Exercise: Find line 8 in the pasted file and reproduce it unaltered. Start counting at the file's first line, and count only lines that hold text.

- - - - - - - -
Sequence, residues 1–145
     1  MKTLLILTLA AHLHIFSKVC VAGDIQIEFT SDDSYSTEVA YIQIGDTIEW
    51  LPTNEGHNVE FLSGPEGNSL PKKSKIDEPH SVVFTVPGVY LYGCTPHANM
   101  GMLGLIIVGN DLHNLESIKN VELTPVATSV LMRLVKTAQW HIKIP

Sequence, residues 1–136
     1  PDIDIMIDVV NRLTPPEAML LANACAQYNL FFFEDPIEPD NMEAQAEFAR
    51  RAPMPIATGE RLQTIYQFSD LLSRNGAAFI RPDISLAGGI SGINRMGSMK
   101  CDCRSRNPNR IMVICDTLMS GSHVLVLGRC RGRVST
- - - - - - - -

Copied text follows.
   101  CDCRSRNPNR IMVICDTLMS GSHVLVLGRC RGRVST